By Dan Kennedy • The press, politics, technology, culture and other passions

A Big Dig death

A husband and wife are driving through the Big Dig tunnels around 11 p.m. It is, in every respect, a normal night. It’s not raining. The wind’s not howling. Yet a giant concrete slab falls out of the ceiling, killing the woman, and leaving the man to crawl out of the wreckage. (Globe coverage here; Herald coverage here; AP coverage here.)

Massachusetts Turnpike chief Matt Amorello on NECN: “We are taking every measure to make sure this doesn’t happen again.” Well, that’s a relief. He also says he hopes to reopen the tunnel by noon tomorrow. No thanks.

This is an awful tragedy, so I hesitate to suggest that anything good might come out of this. But now that someone has actually been killed, we may finally get the criminal investigations and private lawsuits we need to find out why our brand-new, $14.6 billion highway project is leaking, crumbling and endangering public safety.


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13 Comments

  1. BosPhotog

    Sadness and anger should rule over every driver who uses this nightmare project. Sadness that one of us has been killed, brutally, while we have been told in the past that there is no need for concern. How in the world could we have been duped while all this happened right before our eyes? Remember how it was touted by one politician..that he could drive from Framingham to Kelly’s roast beef in Revere and enjoy a very quick sandwich…? And people are suprised that citizens are leaving MA. in droves? !!!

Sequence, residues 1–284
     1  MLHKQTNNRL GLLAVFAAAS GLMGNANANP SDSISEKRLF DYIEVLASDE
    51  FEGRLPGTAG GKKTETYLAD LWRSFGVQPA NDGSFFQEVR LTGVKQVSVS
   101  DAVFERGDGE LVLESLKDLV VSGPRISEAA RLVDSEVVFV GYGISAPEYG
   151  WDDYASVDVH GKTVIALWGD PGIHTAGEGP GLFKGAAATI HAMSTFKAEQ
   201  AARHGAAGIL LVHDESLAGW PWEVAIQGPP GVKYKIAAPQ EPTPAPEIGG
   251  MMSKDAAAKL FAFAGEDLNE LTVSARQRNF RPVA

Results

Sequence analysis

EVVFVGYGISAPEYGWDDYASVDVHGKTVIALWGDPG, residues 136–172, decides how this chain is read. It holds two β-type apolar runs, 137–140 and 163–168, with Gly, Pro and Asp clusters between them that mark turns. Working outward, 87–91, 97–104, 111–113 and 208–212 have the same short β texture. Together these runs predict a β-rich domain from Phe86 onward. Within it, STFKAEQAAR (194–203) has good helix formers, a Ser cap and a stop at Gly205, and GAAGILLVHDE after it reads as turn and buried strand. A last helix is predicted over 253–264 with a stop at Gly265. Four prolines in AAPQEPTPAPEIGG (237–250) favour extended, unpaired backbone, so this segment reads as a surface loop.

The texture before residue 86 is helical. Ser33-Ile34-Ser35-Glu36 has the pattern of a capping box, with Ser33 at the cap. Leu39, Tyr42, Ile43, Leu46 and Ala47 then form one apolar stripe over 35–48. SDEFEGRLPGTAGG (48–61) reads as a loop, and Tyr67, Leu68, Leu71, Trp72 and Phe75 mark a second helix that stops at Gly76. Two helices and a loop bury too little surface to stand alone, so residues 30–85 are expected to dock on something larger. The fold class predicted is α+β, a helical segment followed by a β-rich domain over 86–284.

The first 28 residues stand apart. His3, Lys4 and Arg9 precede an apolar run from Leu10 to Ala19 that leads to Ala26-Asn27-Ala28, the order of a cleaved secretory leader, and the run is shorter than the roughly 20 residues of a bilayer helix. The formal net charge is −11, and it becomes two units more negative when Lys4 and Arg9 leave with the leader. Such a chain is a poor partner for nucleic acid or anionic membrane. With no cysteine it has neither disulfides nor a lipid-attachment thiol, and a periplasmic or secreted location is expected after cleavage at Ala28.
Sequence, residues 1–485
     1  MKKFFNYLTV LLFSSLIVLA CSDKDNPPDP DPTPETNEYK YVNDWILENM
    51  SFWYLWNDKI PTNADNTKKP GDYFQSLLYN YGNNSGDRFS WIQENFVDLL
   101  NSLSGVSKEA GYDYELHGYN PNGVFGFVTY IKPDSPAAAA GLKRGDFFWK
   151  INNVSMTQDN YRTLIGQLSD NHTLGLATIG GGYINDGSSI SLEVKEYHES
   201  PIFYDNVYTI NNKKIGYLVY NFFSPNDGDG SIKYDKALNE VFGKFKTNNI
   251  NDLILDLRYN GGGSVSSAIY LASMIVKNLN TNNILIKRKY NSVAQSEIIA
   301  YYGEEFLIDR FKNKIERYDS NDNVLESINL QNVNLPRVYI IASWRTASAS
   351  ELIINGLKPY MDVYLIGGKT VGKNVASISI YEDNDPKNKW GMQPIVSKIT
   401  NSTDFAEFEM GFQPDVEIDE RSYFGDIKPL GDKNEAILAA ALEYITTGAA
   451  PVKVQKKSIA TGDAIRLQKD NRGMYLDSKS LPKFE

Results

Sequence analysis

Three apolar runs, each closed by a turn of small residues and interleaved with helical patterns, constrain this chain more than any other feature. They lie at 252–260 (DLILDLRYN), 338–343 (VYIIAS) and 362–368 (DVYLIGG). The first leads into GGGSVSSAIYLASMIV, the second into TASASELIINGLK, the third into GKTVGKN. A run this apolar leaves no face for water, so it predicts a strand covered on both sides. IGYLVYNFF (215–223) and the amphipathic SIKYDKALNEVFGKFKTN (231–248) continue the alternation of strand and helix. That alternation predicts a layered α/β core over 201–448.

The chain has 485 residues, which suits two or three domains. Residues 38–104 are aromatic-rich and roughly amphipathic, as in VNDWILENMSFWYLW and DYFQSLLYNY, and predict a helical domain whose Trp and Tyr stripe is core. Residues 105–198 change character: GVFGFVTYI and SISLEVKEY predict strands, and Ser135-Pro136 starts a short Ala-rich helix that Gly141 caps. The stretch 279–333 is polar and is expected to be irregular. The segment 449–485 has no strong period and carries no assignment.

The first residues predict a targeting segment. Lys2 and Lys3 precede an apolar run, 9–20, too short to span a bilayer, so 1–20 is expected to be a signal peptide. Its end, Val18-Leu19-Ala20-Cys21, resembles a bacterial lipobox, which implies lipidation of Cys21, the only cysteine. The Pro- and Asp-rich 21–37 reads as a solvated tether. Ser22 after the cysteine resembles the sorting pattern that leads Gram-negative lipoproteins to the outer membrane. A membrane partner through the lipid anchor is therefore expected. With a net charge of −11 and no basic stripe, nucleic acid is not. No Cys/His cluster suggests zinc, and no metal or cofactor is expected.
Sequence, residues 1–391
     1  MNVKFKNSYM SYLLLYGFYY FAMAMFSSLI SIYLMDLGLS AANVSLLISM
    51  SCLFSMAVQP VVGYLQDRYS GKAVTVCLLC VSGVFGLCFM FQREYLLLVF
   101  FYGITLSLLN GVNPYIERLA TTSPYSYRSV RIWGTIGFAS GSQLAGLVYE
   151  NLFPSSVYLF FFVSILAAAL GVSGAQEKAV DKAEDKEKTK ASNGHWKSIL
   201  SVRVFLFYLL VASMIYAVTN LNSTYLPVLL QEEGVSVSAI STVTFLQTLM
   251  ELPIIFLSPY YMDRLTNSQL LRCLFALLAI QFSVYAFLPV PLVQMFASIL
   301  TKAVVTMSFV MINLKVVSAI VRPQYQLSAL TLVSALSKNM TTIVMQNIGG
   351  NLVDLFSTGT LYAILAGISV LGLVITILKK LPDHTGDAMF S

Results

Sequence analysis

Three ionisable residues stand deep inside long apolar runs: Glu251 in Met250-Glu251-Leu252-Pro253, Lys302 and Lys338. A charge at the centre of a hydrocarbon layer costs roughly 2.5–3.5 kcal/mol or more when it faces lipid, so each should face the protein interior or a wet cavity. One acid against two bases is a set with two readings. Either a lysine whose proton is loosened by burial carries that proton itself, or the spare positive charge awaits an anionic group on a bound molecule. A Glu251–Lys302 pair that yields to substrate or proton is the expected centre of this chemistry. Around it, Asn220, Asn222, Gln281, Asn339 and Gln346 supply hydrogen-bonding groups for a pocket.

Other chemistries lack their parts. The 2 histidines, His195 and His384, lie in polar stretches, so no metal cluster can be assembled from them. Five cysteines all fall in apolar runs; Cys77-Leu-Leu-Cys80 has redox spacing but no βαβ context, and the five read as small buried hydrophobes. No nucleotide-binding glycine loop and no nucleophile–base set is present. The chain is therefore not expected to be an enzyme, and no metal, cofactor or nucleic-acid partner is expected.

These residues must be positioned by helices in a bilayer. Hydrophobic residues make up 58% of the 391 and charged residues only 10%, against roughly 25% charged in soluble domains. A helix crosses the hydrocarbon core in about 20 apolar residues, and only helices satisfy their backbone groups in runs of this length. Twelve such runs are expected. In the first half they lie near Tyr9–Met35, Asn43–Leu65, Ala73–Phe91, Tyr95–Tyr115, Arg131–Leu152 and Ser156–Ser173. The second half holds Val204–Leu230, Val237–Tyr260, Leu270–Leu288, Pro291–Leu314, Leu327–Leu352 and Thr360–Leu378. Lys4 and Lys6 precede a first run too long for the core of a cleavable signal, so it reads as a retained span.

2. Stella

    The Boston Central Artery/Tunnel Project (CA/T) is the largest and most complex urban transportation project ever undertaken in the United States. Dubbed the “Big Dig” by Bostonians, it is the result of more than 30 years of planning and 12 years of construction to replace the elevated section of Interstate 93 Central Artery through downtown Boston with a much wider underground highway and to extend the Interstate 90 turnpike to Logan Airport via a third harbor tunnel. Among the only other transportation projects on this large a scale were the Panama Canal and the Channel Tunnel. The project comprises 161 lane-miles of interstate highway—over half of it underground. Its host of civil engineering firsts include the world’s widest cable-stayed bridge, the deepest underwater connection in North America, state-of-the-art freeway segments built only inches above 19th century public transit railways, and an unprecedented ground-freezing program to stabilize Boston’s historic soils during construction. The project has been widely recognized through dozens of awards for engineering excellence and aesthetics. Perhaps most remarkable, greater Boston’s millions of residents and businesses have enjoyed continued access to the city during more than a decade of construction starting in 1991. Through it all, Boston’s downtown financial and commercial district has stayed open for business. Now substantially complete, this engineering marvel will enable Boston and the state of Massachusetts to meet their critical transportation needs in the 21st century with a great sense of civic satisfaction and pride. So sayeth Bechtel.

  3. Anonymous

    1. Boycott the Big Dig. Refuse to use the tunnels until the bastards responsible have been prosecuted, jailed, fined and sued to the tune of billions of dollars.2. Use the money to build mass transit, like we should have done in the first place.

  4. RichC